Stacy Blackman Consulting has worked with successful candidates to Michigan Ross for over a decade and can offer comprehensive strategic advice every step of the way. Contact us to learn more.

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Michigan Ross Demystifies Team Exercise with New Video

Feeling nervous about what to expect during the team exercise at Michigan Ross School of Business? Soojin Kwon, director of MBA admissions at the Ross School, has just posted this new video, where she answers …

Feeling nervous about what to expect during the team exercise at Michigan Ross School of Business? Soojin Kwon, director of MBA admissions at the Ross School, has just posted this new video, where she answers some of the many questions pouring in from applicants wondering what the experience will be like, and how to prepare for it. Take a look!

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Michigan Ross MBA Director on Best Time to Visit Schools

Campus visits are an important part of deciding where you will apply, though as we mentioned yesterday, you won’t be at a disadvantage if circumstances—financial, distance, no vacation time—make it too difficult to visit prior …

Campus visits are an important part of deciding where you will apply, though as we mentioned yesterday, you won’t be at a disadvantage if circumstances—financial, distance, no vacation time—make it too difficult to visit prior to submitting your application.

Soojin Kwon, director of MBA admissions at the University of Michigan Ross School of Business, recently posted about the best time to visit MBA programs on her blog. “A school visit can confirm your perceptions, or it can surprise you in ways that could change where you place a school on your list,” Kwon says.

At Michigan Ross, the ideal time to visit is when classes are in session—September through November, and January to February—although the school does offer visits at other times as well. Watching students in action is, however, the best way to really get a feel for your fit with the program.

The main, and quite valid, reason to visit campus prior to applying is so that you can incorporate details about your visit into your application. That’s not possible for everyone, though. Kwon strongly suggests applicants visit every school they are applying to before making a decision to enroll, whether that means before or after submitting, for the interview, or eventually, for the admit weekend.

The director also offers a a few choice tips for candidates planning a campus visit. First, Kwon suggests contacting people you would like to meet in advance, such as student ambassadors, to see if it’s possible to schedule a brief meeting. Also, if you can time your visit to take advantage of a special conference or event taking place at the school, that’s a great way to further familiarize yourself with the program.

If it’s financially feasible and fits into your schedule, we here at SBC always recommend a visit. When you visit the campus, you develop a better understanding of the school’s culture, which is sure to come through in your essays and interview. While others will be referencing the school website, you can cite specific, first-hand experiences. So enjoy yourself and be open-minded. This is a fun opportunity to start planning a very exciting next step in your life.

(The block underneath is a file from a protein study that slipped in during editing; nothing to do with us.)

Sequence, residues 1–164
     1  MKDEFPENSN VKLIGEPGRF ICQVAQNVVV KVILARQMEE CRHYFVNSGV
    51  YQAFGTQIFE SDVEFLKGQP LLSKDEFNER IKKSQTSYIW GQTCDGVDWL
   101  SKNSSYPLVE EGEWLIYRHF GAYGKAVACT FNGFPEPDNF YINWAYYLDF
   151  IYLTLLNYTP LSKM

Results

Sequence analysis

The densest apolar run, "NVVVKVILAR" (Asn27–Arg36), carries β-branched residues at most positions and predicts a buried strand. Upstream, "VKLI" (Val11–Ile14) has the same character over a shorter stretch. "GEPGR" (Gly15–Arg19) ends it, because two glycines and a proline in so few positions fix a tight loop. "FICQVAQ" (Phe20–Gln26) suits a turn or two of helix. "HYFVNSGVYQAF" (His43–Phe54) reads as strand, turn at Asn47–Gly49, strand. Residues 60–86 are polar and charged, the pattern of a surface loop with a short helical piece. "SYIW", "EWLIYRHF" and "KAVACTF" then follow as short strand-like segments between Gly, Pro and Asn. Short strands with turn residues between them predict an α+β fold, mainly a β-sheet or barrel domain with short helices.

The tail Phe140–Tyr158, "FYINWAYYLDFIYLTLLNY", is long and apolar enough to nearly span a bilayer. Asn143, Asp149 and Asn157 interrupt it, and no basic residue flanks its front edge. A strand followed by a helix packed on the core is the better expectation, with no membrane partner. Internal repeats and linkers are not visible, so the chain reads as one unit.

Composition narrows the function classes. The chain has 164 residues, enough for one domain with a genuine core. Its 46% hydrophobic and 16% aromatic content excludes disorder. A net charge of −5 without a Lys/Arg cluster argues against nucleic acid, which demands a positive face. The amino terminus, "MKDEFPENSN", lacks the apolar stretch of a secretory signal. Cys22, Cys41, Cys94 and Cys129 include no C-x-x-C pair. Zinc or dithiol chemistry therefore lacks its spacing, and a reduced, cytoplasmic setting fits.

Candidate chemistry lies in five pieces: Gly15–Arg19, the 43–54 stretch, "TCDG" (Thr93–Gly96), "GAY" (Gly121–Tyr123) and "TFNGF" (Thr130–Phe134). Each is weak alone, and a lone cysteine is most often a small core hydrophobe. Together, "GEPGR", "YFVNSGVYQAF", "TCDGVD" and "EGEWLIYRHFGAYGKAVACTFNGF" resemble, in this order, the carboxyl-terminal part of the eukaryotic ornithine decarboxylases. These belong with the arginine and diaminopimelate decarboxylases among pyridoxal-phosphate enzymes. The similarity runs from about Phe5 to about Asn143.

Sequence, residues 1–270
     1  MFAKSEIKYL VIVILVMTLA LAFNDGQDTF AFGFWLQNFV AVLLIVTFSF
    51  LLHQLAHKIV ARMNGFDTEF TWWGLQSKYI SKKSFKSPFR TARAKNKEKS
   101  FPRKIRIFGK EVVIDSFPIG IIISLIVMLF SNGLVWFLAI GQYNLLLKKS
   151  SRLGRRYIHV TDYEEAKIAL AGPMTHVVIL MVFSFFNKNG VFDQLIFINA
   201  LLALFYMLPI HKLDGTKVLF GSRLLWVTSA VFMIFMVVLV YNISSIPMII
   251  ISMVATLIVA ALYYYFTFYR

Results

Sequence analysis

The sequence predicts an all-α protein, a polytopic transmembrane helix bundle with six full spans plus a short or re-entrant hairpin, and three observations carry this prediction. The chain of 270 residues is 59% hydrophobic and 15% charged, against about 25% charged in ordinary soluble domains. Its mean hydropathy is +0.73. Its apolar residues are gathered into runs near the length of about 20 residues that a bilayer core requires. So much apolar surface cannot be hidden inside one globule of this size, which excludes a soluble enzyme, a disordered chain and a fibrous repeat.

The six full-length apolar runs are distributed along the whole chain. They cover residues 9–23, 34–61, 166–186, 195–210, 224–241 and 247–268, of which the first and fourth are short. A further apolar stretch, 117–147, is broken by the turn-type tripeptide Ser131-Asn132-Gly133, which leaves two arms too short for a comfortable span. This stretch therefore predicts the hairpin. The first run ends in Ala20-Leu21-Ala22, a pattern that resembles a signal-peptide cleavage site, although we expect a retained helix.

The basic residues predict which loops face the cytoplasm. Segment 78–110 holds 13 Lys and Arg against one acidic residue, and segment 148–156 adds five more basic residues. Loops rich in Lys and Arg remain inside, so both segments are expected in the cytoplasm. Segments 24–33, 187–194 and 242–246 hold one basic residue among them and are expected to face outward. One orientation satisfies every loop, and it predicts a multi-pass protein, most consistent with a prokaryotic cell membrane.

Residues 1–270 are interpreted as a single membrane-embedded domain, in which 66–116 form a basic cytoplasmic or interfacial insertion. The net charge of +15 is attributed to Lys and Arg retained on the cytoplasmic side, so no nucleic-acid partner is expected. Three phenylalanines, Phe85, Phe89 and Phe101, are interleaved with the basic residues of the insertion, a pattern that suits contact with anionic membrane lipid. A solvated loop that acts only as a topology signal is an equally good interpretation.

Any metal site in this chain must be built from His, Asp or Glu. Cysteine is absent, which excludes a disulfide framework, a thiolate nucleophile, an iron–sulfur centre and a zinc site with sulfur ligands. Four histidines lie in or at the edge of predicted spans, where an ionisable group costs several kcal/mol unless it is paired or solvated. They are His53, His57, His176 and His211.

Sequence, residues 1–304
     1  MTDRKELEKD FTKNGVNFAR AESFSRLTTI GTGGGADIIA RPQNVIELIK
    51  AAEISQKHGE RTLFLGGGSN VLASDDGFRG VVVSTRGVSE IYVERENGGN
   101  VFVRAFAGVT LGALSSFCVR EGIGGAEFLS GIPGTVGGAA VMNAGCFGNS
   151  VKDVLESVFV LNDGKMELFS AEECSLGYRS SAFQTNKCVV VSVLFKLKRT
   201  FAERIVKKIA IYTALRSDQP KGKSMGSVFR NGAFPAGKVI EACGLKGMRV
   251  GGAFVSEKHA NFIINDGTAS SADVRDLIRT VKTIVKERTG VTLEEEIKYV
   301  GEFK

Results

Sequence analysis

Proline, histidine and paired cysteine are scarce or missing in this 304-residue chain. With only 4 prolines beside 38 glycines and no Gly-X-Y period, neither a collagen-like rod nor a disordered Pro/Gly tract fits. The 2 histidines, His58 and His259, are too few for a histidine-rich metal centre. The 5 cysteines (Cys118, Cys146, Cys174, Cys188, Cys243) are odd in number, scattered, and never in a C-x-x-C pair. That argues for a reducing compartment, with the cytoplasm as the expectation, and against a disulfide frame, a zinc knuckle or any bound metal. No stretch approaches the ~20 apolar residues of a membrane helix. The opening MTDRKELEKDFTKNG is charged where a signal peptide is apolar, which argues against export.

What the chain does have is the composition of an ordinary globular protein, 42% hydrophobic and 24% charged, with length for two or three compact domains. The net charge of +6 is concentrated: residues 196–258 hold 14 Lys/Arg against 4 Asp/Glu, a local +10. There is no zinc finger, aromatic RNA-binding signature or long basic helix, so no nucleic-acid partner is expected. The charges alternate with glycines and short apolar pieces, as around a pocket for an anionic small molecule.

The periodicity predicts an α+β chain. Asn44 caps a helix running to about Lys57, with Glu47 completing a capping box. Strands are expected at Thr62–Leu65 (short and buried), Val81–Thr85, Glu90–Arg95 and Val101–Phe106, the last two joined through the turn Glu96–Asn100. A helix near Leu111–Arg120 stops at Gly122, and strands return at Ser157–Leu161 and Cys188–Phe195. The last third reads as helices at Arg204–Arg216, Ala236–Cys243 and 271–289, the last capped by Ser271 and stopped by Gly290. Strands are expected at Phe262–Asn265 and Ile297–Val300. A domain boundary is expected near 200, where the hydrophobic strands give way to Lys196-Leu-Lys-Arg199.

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Make the Most of Your B-School Campus Visit

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UM Ross School Receives $60M Gift for Entrepreneurship Program

The University of Michigan’s Ross School of Business has received a pledge of $60 million from the Zell Family Foundation to further fund entrepreneurial programs at the Samuel Zell and Robert H. Lurie Institute for …

The University of Michigan’s Ross School of Business has received a pledge of $60 million from the Zell Family Foundation to further fund entrepreneurial programs at the Samuel Zell and Robert H. Lurie Institute for Entrepreneurial Studies.

major donation to Ross School

Sam Zell Photo By Peter Ross

According to a statement released Monday announcing the news, the funds will provide endowed support to the institute for continued delivery and development of entrepreneurship programs for students and alumni. This includes $10 million dedicated to a new fund that will invest in new student business ventures, Ross dean Alison Davis-Blake says.

UM’s Ross School of Business is a pioneer in entrepreneurial education, introducing the nation’s first course on entrepreneurship in 1927, and the first student-led venture fund, The Wolverine Venture Fund, in 1997. Two years later, the Zell Lurie Institute was established as one of the country’s first full programs dedicated to entrepreneurial education.

“Our goal is to accelerate the learning curve and the opportunities for budding entrepreneurs, as well as to build a powerful alumni network,” says Sam Zell, a University of Michigan alumnus and chairman of Equity Group Investments. “Entrepreneurs have always been a primary driver of growth for this country. I believe that fostering entrepreneurial education is an investment in the future.”